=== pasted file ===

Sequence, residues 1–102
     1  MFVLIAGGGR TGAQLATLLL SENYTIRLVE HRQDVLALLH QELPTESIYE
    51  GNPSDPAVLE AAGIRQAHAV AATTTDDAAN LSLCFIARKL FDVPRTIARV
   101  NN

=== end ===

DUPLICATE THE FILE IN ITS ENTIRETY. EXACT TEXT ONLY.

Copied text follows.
Sequence, residues 1–102
     1  MFVLIAGGGR TGAQLATLLL SENYTIRLVE HRQDVLALLH QELPTESIYE
    51  GNPSDPAVLE AAGIRQAHAV AATTTDDAAN LSLCFIARKL FDVPRTIARV
   101  NN